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Attorney General Says Justice Department Can Shoot Down ‘Threatening’ Drones

April 20, 2020 by Tom Ramstack
Attorney General Says Justice Department Can Shoot Down ‘Threatening’ Drones

WASHINGTON – The U.S. attorney general issued a guidance this week that authorizes the FBI, Drug Enforcement Agency, Bureau of Prisons and other Justice Department agencies to intercept communications from threatening drones or destroy them without prior consent.

The policy is intended in part to prevent drone flights into “no drone zones” designated by the Federal Aviation Administration. Most often they are areas near airports, military bases and government buildings.

The FAA put many of the no-fly zones for drones in place after the 9/11 attacks. Violators face stiff fines and potential criminal penalties.

Although one definition of “threatening” under the guidelines refers to drones that trespass, others could be intercepted if they eavesdrop on private citizens.

The Justice Department guidance is raising alarms by industry groups that rely on drones as their workhorses.

The more than 1.5 million drones registered with the FAA are increasingly used for package deliveries, views of real estate and aerial news reporting.

Online retailer Amazon.com is leading the movement toward wider use of commercial drones. Last month, the company announced it hired former Boeing executive David Carbon to lead its drone delivery service.

“We’re very excited David Carbon joined Amazon to lead the next phase of our mission to bring 30-minute delivery by drones to customers,” Amazon said in a statement.

U.S. Attorney General William Barr said his guidelines “will ensure that we are positioned for the future to address this new threat, and that we approach our counter-drone efforts responsibly, with full respect for the Constitution, privacy and the safety of the national airspace.”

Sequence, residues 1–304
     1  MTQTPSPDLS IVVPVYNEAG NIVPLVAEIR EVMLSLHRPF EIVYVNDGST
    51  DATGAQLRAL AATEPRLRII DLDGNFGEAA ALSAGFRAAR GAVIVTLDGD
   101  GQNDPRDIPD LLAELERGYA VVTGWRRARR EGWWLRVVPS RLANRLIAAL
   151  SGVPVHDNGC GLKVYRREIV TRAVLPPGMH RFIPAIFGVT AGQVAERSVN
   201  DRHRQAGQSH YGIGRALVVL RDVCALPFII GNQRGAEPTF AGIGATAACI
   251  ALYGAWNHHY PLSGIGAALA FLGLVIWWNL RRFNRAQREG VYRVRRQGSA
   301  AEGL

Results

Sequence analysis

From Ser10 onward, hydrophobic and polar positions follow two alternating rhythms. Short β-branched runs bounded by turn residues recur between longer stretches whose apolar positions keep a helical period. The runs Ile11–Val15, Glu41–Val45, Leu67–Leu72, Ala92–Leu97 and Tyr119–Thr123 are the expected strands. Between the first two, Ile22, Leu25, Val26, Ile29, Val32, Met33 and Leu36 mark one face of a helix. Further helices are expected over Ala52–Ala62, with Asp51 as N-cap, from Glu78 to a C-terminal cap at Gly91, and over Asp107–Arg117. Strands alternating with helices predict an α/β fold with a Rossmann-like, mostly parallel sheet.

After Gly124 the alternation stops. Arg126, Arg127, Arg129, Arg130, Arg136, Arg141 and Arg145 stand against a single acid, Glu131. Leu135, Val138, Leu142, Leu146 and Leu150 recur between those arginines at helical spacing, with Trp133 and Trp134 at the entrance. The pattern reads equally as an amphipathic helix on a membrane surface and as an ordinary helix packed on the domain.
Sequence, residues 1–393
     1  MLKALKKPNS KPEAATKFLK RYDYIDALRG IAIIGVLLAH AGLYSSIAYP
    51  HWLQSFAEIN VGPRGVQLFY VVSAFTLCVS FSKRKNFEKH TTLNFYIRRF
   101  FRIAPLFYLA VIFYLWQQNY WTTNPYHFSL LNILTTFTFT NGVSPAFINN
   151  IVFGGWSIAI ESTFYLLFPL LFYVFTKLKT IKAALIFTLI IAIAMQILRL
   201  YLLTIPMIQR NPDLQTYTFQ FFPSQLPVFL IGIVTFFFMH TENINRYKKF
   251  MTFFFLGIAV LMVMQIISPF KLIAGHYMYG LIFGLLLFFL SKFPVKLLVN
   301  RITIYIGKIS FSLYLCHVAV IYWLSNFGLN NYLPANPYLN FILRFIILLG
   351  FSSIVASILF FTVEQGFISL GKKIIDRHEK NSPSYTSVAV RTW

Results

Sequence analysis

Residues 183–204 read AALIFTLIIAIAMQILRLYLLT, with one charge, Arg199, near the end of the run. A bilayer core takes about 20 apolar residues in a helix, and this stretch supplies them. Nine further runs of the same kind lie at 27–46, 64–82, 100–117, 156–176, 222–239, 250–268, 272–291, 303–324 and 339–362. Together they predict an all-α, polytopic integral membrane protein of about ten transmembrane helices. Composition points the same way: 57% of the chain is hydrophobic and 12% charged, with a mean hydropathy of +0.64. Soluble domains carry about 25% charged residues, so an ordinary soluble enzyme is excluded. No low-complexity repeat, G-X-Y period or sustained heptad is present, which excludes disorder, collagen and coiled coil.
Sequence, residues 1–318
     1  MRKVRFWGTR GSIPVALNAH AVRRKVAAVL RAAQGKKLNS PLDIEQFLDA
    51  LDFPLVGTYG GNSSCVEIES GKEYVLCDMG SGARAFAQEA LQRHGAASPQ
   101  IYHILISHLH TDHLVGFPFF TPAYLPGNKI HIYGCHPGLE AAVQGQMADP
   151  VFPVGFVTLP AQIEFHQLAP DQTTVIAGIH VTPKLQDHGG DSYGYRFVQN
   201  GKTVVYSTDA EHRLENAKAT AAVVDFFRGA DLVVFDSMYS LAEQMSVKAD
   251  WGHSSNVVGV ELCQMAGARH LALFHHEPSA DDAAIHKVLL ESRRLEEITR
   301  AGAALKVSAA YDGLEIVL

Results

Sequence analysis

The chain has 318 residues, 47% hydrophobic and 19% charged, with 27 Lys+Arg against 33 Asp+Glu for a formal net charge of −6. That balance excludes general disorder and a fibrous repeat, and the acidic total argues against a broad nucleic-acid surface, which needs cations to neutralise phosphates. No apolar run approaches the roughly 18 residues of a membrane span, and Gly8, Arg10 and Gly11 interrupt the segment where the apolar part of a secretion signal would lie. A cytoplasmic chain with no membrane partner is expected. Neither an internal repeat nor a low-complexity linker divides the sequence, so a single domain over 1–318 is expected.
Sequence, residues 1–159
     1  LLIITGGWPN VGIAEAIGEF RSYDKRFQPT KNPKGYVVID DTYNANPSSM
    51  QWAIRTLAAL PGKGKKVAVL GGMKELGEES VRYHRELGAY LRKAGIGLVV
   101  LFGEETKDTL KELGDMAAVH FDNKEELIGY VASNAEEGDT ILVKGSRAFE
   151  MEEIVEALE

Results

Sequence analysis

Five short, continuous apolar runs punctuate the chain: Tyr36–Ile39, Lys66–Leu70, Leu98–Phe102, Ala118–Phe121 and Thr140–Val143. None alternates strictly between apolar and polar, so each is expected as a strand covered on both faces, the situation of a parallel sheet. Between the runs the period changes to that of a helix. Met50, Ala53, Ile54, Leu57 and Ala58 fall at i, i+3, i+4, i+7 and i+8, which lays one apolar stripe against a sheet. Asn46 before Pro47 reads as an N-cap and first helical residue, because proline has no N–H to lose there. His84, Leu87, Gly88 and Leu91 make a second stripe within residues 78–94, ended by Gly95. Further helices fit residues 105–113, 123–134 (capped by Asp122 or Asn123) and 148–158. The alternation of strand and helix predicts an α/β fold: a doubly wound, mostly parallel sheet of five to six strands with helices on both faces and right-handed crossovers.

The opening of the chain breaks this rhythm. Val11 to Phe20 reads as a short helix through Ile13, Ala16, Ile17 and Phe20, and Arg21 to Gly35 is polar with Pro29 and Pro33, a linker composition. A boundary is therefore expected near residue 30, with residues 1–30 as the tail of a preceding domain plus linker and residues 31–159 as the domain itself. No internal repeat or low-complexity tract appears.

He added that the Justice Department agencies should be “sensitive” to “legitimate activity” of drones before taking action against them.

The FAA has certified about 160,000 remote pilots nationwide.

As complaints about near-misses with aircraft increased, Congress authorized the Justice and Homeland Security departments in 2018 to disable or destroy trespassing drones.

Other concerns came from U.S. military officials. They said drones could carry weapons or be equipped with spy cameras.

So far, the U.S. military leads the world with drone warfare, particularly in Afghanistan and Syria. Other countries are catching up in drone development. 

The attorney general’s guidance instructs law enforcement agencies to consult with the FAA to make a risk-based assessment of drone activity. It should include “potential effects on manned and unmanned aircraft, aviation safety, airport operations and infrastructure and air navigation services,” the guidance says.

For intercepted communications not used as evidence in criminal cases, the agencies can keep records of them for as much as three months.

The attorney general’s guidance precedes an expected announcement from the FAA that would change air space restrictions in populated areas.

The revised restrictions are likely to allow more short-range drone deliveries, such as from restaurants and grocery stores, according to aviation industry groups.

Joining Amazon in requests for more discretion in drone deliveries are internet giant Google and rideshare company Uber. Both of them seek to compete with Amazon.

Other political pressure is coming from the coronavirus pandemic. Social distancing is creating a need for more hands-off retail service.

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